The op had been chaotic. Bodie was with Wilson at one end of the warehouse site; and Doyle and a couple of other agents at the other. Somewhere along the line the gang had been tipped off and were waiting in large number and in anticipation. There had been a considerable exchange of fire and an explosion. Ambulances were called, first aid given at the scene. At Casualty Bodie was given a cursory glance by hard-pressed medical staff and patched up quickly. He was wandering off to find his partner when he was waylaid by a friend of his girlfriend. He struggled to remember the guy's name and where he'd seen him.

"Bodie," he said, surprised, "I didn't know you were involved in this." He looked nervous.

Bodie hadn't let his girl know he worked for CI5 so was cautious. He wasn't going to let anything slip. "Happened to be in the wrong place. Know what I mean?"

"You ok?"

"Yeah. A few cuts and bruises. You?"

"Oh, I wasn't involved but I'm afraid Lucy got caught up."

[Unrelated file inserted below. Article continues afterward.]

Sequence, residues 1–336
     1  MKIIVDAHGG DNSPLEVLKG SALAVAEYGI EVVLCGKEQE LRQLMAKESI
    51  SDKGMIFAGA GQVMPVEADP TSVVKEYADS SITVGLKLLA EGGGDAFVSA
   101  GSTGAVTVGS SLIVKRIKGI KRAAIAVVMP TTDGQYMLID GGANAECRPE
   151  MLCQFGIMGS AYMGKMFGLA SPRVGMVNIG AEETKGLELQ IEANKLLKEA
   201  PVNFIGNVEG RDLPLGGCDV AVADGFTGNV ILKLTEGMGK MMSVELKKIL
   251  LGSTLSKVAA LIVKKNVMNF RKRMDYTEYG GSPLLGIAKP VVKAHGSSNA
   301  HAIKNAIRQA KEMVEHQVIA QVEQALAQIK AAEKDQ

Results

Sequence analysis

If Bodie had been more alert he'd have known the guy was lying, at least in part, but the news had shocked him. Lucy was Bodie's girlfriend. He'd become more attached to her than even Doyle realised. She was quickly becoming the love of his life, despite his best endeavours to keep his heart safe from harm. Bodie made enquiries at Reception while the friend slipped quietly away. Bodie was directed to intensive care, his partner forgotten for the moment. The staff there told him that Lucy was still being assessed. Eventually he was called to a consulting room where he was told the bad news that the prognosis wasn't good. He was allowed to see her and crept in quietly to be with her. The all too familiar bleeps and peeps of the all too familiar medical equipment kept her heart beating and her lungs inflating. She was doing little for herself.